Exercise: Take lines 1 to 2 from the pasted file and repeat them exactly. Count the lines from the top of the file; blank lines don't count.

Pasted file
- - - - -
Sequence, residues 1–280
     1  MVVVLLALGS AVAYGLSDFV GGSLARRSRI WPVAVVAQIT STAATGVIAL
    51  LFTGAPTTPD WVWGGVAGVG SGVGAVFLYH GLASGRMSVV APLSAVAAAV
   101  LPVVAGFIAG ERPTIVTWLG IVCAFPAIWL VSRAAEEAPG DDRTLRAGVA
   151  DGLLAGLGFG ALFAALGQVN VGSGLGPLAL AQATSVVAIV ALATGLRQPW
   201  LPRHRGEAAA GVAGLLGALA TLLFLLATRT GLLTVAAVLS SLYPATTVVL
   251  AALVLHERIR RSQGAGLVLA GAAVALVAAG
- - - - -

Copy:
Sequence, residues 1–280
     1  MVVVLLALGS AVAYGLSDFV GGSLARRSRI WPVAVVAQIT STAATGVIAL